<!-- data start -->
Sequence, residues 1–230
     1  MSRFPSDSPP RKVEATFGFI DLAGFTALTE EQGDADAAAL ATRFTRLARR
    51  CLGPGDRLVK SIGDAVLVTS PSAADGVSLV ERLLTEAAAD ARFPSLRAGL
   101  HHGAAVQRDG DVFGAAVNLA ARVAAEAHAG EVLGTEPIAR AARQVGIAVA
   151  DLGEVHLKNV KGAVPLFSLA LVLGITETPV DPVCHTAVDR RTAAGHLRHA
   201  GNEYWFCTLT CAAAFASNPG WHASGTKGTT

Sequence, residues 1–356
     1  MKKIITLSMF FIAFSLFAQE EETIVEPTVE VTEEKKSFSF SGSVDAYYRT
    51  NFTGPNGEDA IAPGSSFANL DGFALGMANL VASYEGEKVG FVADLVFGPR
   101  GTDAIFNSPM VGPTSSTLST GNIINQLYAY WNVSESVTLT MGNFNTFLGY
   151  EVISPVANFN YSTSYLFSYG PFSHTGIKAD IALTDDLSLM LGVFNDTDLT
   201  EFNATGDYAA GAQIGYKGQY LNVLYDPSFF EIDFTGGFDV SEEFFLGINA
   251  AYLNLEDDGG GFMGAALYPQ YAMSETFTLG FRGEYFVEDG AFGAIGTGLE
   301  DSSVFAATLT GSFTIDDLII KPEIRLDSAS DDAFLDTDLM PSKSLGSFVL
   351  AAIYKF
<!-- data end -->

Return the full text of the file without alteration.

Sequence, residues 1–230
     1  MSRFPSDSPP RKVEATFGFI DLAGFTALTE EQGDADAAAL ATRFTRLARR
    51  CLGPGDRLVK SIGDAVLVTS PSAADGVSLV ERLLTEAAAD ARFPSLRAGL
   101  HHGAAVQRDG DVFGAAVNLA ARVAAEAHAG EVLGTEPIAR AARQVGIAVA
   151  DLGEVHLKNV KGAVPLFSLA LVLGITETPV DPVCHTAVDR RTAAGHLRHA
   201  GNEYWFCTLT CAAAFASNPG WHASGTKGTT

Sequence, residues 1–356
     1  MKKIITLSMF FIAFSLFAQE EETIVEPTVE VTEEKKSFSF SGSVDAYYRT
    51  NFTGPNGEDA IAPGSSFANL DGFALGMANL VASYEGEKVG FVADLVFGPR
   101  GTDAIFNSPM VGPTSSTLST GNIINQLYAY WNVSESVTLT MGNFNTFLGY
   151  EVISPVANFN YSTSYLFSYG PFSHTGIKAD IALTDDLSLM LGVFNDTDLT
   201  EFNATGDYAA GAQIGYKGQY LNVLYDPSFF EIDFTGGFDV SEEFFLGINA
   251  AYLNLEDDGG GFMGAALYPQ YAMSETFTLG FRGEYFVEDG AFGAIGTGLE
   301  DSSVFAATLT GSFTIDDLII KPEIRLDSAS DDAFLDTDLM PSKSLGSFVL
   351  AAIYKF